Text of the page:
In the process that led up to the appointment of Justice Malcolm Rowe last summer, the Prime Minister announced that he would only choose bilingual candidates. Since such a policy could be changed by a future government, it would be preferable in my opinion to enshrine it in law.
    Some doubts were expressed following a well-known ruling of the Supreme Court, the Reference re Supreme Court Act, a judgment which was rendered in 2014. Some of the comments made by the court led a certain number of authors to say that it would from now on be impossible to require that Supreme Court justices be bilingual without amending the Constitution. They based that statement on a brief paragraph where the court stated that the composition of the Supreme Court was now protected from changes made by the legislator without going through the constitutional amending process, and that the composition also included eligibility. In this regard, the court referred to sections 4, 5 and 6 of the Supreme Court Act. Certain authors stated that Parliament could no longer touch sections 4, 5 and 6.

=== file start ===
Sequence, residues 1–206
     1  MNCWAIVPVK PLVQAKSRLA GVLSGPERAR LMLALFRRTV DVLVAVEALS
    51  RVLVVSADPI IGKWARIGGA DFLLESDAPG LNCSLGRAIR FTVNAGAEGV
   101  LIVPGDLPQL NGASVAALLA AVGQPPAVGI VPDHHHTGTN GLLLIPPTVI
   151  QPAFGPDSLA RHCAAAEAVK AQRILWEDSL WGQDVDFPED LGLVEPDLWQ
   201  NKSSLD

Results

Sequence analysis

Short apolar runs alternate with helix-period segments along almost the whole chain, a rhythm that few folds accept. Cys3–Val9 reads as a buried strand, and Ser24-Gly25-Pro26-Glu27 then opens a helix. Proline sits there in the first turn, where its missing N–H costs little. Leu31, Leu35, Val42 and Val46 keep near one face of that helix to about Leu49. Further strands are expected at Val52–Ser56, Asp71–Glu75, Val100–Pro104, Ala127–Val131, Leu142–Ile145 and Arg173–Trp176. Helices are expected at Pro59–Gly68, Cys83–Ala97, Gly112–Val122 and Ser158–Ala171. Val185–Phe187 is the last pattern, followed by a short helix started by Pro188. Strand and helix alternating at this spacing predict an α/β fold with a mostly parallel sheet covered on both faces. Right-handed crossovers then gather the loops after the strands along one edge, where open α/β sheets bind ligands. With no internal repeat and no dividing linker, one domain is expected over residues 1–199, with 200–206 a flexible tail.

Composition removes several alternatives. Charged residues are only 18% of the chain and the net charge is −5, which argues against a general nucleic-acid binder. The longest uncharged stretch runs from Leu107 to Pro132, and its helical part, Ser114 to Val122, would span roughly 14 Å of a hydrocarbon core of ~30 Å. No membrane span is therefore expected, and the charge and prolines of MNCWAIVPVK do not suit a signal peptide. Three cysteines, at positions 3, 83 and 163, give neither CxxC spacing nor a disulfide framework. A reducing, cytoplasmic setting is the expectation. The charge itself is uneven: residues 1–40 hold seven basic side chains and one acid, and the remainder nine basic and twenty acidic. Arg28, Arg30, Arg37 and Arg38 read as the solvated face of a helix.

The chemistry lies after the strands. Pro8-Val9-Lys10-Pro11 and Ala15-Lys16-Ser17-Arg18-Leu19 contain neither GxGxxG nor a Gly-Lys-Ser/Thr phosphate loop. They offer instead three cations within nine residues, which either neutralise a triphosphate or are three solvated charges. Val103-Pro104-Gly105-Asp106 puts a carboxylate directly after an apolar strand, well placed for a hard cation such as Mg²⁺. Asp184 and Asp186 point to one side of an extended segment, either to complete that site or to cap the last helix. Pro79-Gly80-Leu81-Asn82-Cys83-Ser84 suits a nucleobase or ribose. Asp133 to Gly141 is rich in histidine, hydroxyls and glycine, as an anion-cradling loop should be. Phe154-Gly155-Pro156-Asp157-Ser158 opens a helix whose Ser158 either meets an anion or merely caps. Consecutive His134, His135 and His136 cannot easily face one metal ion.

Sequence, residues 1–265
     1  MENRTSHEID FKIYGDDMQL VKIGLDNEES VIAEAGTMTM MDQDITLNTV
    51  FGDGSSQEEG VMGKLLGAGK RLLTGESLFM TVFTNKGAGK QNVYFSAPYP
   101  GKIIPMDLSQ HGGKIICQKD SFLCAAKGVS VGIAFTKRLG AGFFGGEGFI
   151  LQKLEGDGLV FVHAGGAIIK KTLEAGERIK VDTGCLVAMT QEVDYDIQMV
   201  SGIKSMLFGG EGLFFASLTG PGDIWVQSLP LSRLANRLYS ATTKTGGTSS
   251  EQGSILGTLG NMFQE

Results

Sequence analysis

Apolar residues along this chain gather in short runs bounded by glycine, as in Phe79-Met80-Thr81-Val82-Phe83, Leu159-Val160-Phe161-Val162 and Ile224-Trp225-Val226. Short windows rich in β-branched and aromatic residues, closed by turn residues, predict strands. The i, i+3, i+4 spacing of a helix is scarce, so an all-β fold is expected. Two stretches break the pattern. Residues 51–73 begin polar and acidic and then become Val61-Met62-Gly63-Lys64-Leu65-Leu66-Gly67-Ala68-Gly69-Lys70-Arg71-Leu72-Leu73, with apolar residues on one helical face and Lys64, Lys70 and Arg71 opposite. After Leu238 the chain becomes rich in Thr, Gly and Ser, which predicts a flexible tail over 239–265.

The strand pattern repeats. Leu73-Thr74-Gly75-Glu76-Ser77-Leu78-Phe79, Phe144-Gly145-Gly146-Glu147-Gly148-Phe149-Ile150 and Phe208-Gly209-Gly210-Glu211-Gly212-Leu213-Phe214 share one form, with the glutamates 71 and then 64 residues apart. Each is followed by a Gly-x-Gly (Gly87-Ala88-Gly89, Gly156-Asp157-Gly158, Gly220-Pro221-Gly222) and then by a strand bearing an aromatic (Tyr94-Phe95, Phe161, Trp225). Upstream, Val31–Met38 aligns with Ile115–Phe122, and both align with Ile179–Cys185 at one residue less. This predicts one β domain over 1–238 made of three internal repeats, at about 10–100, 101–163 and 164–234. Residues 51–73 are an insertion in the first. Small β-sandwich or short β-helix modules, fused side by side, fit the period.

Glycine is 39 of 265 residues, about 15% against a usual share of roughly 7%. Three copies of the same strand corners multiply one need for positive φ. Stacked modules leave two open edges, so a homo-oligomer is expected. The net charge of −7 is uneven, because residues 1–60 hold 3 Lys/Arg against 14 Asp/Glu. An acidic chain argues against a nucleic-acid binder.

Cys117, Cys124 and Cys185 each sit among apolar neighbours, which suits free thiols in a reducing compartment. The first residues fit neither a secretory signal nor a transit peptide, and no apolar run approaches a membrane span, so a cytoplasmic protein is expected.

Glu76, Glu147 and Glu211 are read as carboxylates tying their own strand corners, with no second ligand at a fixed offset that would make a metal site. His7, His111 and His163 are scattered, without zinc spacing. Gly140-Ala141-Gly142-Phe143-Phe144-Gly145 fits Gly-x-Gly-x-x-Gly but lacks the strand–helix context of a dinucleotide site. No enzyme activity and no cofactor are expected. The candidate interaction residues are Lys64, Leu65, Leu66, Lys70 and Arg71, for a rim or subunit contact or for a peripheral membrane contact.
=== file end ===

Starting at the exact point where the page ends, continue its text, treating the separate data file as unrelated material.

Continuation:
As is the case for all of the decisions of the court, those comments by the Supreme Court must be read in light of the case that was submitted to it, which was the appointment of Judge Nadon and the necessary conditions for a judge to be considered to be a judge from Quebec, if I may put it that way. The court was not called on to rule on whether Parliament could still add the requirement of bilingualism to the Supreme Court Act.
    In order to understand my advice on this topic, we have to make a distinction between two effects of the Constitutional amending formula. What I'm going to say is somewhat technical, and will likely be published soon in a law review, with a lot of explanations.
    Basically, the constitutional amending formula does two things. First, it enables a certain number of legislative bodies, such as Parliament and the legislative assemblies of a certain number of provinces, to amend the text of the Constitution if that is what they want to do. It has an enabling function.


    The constitutional amending formula also shields certain matters or certain areas from unilateral action by the federal Parliament. It excludes certain things from the jurisdiction of Parliament. That is what the Supreme Court stated in the decision I just cited. However, the areas that are excluded from Parliamentary jurisdiction are much more limited and restricted than those that would fall within the scope of the enabling function, that is to say all those things you could include in the Constitution if you wanted to do so.